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ON POINT II: Transition to the New Campaign

The United States Army in Operation IRAQI FREEDOM May 2003-January 2005

Part I

Setting the Stage

Chapter 3
The Rise of the Iraqi Insurgency and the US Army's Response


Origins of Iraqi Discontent

In the weeks that followed the implosion of the Baathist regime in April 2003, the absence of organized violence created a period of relative calm. In many Kurdish and Shia regions of Iraq and even in some of the Sunni Arab areas, Coalition troops were indeed greeted as liberators as some American officials had predicted. As US units fanned out in Baghdad and other cities in the west, south, and northern regions of Iraq, they also found themselves in the middle of a political vacuum left by the collapse of the Baathist regime. The swiftness of the Coalition’s advance and the apparent evaporation of Saddam’s authority concurrently stunned the Iraqis. In retrospect, American Soldiers as well as many Iraqis have come to view this period of calm as a “window of opportunity” when Coalition forces had a chance to create a secure environment that might have forestalled the growth of any organized opposition. Those with this view suggest that this window of opportunity shut some time in mid-2003, largely because the Coalition was unprepared to conduct immediate, large-scale, postconflict operations that might have prevented the conditions in which inchoate anger could grow to form an insurgency.

Many Soldiers serving in the first units that reached Baghdad shared an acute sense of an opportunity lost. Colonel David Perkins, commander of the 2d Brigade Combat Team (BCT) of the 3d Infantry Division (3d ID), was one of the first senior officers to arrive in the Iraqi capital. His views on this early period are representative of this collective attitude:

Right after we got into Baghdad, there was a huge window of opportunity that if we had this well-defined plan and we were ready to come in with all these resources, we could have really grabbed a hold of the city and really started pushing things forward. By the time we got a plan together to resource everything, the insurgents had closed that window of opportunity quickly. What we started doing in September [2003] was probably a good idea to have done in April 2003.9

Lieutenant General (Retired) Jay Garner, the head of the Office of Reconstruction and Humanitarian Assistance (ORHA), thought similarly. After meeting with a number of Iraqi civilian leaders in early April 2003 in southern Iraq, he began pressuring CENTCOM to allow ORHA into Baghdad to begin operations before this window closed. On 17 April 2003 Garner told General Tommy Franks, the CENTCOM commander, that inside Iraq there were “too many vacuums that are filling up right now with things that you and I don’t want them to fill up with.”10 Franks then allowed Garner to travel to Baghdad and northern Iraq to begin assessing the situation on the ground. However, weeks passed before ORHA established itself and began operations in these critical parts of Iraq.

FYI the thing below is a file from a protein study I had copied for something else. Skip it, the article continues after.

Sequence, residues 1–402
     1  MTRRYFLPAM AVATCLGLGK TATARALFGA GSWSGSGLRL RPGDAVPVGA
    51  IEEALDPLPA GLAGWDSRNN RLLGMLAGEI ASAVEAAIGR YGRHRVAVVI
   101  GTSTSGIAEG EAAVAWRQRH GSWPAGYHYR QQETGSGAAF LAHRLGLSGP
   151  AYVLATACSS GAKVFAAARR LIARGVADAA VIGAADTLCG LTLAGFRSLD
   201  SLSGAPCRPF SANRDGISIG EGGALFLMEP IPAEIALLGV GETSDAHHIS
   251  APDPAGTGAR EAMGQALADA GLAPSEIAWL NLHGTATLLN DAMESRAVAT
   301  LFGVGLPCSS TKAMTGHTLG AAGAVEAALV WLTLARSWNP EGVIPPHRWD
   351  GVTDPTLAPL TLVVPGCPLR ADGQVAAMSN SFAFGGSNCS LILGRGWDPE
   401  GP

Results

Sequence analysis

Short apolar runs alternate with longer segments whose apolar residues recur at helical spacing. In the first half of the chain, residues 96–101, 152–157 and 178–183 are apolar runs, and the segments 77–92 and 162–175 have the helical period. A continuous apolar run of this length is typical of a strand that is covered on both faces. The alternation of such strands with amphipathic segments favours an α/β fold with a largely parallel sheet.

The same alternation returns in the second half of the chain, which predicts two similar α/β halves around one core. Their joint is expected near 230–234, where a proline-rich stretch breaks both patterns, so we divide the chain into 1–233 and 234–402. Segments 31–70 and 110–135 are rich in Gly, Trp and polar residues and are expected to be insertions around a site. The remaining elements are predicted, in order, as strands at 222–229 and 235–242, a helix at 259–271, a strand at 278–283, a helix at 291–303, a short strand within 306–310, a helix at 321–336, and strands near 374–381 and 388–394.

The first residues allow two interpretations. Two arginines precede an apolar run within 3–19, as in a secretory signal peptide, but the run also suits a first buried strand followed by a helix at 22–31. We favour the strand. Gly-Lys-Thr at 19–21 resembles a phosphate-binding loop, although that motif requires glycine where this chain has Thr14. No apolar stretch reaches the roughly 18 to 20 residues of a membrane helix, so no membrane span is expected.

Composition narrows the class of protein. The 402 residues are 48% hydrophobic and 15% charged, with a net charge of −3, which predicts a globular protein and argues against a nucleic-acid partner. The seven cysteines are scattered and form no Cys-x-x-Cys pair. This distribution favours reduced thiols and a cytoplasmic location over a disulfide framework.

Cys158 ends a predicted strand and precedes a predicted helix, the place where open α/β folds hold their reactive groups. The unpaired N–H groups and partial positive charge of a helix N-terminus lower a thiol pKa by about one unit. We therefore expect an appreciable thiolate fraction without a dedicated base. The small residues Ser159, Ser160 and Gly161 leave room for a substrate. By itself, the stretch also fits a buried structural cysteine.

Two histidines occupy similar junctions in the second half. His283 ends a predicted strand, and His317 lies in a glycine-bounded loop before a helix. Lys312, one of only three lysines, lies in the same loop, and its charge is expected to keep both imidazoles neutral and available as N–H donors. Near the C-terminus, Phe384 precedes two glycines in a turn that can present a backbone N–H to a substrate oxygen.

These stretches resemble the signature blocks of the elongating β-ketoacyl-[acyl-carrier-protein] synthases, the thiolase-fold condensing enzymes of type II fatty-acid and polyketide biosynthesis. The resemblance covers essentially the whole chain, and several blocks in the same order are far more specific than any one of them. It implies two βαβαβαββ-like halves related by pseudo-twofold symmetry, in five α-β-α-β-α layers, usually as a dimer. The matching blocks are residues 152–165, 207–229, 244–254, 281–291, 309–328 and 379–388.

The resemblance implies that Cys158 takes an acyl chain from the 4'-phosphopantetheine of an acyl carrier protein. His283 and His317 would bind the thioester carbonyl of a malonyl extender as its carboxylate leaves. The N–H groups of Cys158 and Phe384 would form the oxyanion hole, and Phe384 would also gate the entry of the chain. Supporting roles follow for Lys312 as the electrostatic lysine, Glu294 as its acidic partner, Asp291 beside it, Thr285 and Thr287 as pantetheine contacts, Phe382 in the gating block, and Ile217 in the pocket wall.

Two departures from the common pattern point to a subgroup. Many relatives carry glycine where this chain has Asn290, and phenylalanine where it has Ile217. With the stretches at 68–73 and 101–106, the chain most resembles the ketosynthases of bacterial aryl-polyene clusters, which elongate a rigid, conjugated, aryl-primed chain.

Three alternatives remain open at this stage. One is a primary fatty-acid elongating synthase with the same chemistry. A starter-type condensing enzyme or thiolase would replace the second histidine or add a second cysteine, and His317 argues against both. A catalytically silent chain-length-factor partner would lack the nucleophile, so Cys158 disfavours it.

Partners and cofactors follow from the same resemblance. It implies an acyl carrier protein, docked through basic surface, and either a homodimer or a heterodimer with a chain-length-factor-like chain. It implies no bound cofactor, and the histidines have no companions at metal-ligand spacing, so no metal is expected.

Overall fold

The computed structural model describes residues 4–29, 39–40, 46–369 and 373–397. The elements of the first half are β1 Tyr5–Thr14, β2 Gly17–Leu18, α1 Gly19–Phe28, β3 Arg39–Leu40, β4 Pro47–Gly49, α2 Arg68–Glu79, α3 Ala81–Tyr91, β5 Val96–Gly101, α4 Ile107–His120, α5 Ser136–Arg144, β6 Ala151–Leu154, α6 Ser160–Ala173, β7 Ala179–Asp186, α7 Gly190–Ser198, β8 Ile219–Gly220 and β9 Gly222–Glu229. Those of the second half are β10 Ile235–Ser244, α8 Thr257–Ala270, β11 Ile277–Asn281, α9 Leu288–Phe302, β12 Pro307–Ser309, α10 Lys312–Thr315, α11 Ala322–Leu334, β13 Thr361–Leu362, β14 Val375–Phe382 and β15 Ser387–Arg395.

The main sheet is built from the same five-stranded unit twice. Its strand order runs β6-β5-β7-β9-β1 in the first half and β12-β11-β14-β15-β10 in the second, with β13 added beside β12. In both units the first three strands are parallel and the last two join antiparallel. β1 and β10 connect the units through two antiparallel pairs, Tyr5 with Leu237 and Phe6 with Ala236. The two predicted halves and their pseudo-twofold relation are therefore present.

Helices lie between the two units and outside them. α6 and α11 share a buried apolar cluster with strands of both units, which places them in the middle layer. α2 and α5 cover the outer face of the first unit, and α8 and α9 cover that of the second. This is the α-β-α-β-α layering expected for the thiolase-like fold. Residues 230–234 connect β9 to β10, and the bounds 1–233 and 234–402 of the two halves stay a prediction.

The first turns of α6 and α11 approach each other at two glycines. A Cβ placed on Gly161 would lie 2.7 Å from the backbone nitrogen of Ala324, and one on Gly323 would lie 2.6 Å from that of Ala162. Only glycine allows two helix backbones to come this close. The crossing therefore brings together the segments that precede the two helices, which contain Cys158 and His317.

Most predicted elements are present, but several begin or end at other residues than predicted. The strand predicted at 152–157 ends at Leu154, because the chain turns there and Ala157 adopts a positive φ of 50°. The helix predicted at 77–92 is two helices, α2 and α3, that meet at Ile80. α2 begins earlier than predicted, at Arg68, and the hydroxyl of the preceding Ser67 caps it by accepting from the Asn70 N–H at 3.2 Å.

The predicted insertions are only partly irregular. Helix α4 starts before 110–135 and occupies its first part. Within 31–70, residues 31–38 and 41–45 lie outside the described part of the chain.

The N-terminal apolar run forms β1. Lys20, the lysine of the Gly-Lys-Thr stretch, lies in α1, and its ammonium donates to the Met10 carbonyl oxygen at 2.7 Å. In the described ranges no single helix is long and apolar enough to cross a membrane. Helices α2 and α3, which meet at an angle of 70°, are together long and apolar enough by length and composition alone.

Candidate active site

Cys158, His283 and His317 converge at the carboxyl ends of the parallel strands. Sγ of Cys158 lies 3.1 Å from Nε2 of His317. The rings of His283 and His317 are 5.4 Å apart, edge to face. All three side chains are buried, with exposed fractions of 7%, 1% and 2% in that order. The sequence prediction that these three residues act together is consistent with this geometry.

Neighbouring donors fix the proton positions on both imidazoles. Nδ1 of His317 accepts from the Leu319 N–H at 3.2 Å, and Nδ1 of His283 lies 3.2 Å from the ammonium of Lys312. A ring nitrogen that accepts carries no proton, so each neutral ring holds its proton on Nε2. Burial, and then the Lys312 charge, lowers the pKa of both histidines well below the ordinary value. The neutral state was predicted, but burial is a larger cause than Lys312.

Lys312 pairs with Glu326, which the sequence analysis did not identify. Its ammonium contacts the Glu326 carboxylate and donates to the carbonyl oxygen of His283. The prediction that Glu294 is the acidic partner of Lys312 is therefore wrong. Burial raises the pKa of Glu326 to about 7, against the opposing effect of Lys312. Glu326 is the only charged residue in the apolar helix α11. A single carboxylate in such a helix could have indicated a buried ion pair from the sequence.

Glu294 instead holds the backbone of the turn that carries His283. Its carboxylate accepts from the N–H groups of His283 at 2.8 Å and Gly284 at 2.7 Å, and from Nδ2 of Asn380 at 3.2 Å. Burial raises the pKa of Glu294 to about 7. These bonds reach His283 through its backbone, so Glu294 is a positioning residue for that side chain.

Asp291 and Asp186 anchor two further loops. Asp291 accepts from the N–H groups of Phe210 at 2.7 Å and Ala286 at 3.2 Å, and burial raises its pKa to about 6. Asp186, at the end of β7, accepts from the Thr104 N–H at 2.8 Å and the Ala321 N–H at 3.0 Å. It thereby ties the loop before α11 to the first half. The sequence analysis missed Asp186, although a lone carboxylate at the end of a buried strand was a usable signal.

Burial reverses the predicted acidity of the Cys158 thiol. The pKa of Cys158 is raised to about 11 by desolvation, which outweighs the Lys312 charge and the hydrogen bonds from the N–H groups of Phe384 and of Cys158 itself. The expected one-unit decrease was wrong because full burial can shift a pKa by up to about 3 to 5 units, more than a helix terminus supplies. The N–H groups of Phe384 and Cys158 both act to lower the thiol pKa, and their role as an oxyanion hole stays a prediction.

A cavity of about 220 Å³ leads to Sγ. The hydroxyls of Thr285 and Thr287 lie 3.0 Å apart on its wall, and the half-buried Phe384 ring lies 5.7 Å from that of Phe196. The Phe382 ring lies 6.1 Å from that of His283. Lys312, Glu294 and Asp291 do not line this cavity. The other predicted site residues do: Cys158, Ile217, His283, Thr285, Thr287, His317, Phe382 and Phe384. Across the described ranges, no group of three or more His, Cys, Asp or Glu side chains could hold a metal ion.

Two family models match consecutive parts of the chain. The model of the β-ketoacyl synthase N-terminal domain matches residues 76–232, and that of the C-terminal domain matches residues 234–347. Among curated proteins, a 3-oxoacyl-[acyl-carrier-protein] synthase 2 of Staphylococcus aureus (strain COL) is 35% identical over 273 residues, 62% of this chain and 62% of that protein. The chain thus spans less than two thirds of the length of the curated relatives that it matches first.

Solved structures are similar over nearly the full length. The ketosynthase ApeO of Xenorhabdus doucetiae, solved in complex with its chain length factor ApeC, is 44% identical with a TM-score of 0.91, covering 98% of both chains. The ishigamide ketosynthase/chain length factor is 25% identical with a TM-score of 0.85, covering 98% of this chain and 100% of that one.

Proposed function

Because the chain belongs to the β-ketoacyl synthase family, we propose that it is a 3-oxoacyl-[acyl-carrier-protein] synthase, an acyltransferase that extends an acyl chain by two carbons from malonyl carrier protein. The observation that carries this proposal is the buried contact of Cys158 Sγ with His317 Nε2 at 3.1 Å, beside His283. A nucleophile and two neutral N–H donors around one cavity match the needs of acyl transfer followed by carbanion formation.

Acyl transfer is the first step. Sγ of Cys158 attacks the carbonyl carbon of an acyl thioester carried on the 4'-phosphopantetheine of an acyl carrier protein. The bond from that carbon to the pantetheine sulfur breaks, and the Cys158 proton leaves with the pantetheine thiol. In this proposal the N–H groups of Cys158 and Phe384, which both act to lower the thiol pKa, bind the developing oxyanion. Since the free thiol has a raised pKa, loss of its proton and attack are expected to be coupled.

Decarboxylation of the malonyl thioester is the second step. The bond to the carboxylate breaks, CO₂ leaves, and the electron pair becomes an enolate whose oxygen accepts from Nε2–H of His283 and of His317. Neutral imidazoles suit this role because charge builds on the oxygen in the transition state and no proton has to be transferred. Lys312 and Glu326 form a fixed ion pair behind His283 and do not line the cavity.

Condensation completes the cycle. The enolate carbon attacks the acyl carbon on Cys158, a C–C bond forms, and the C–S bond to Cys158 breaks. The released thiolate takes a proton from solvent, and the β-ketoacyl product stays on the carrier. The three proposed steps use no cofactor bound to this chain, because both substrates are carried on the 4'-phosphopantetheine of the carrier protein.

In this period just after the 3d ID and other Coalition elements arrived in Baghdad, Saddam’s army, the Iraqi police, and other institutions of authority dissolved. Concurrently, looters began stealing from buildings and facilities across the capital. Captain Warren Sponsler, a company commander in the 3d ID, described being in Baghdad and witnessing the chaotic nature of the situation in the days just after the deposition of the regime:

My company was going up the big north/south highway going to the center of the city and I remember seeing all kinds of people walking up and down the highway dragging all kinds of stuff all over the place. There were American units that were securing the routes, but it was so overwhelming that there really wasn’t much they could do about it. There were guys dragging bathtubs, construction equipment, or you name it.11

Sponsler was amazed at how brazen many of the looters were in the chaotic environment that prevailed in the capital:

We had a palace right on the corner where the big reviewing stands are that we were actually going to occupy for my company. We went in and did a recon to make sure everything was all right and it had been touched a little bit. When we went back 12 hours later, it had been completely gutted. This was right on the edge of our perimeter. They would just swarm. It definitely wasn’t organized, but folks, I think, would find a particular hot spot and they would swarm and take everything down to the wires out of the walls.12

While units did make an effort to secure some buildings in Baghdad, the enormity of the mass looting prevented the protection of all facilities. Soldiers quickly had to discern which of the museums, government buildings, weapons caches, and other facilities could be covered adequately.13 Because of the relatively small number of Coalition forces on the ground in April 2003, it was impossible to protect all or even most of these sites. Further, Soldiers on the ground who had been engaged in combat less than 24 hours earlier, and in some cases were still engaged in combat, were not immediately prepared to stop the actions of these Iraqi citizens. Soldiers are trained to use lethal force very judiciously, and firing on looters was outside the rules of engagement (ROE) established for the invasion of Iraq. Colonel Daniel B. Allyn, commander of the 3d BCT, 3d ID, offered insights into the thought process of his Soldiers in Baghdad at this time: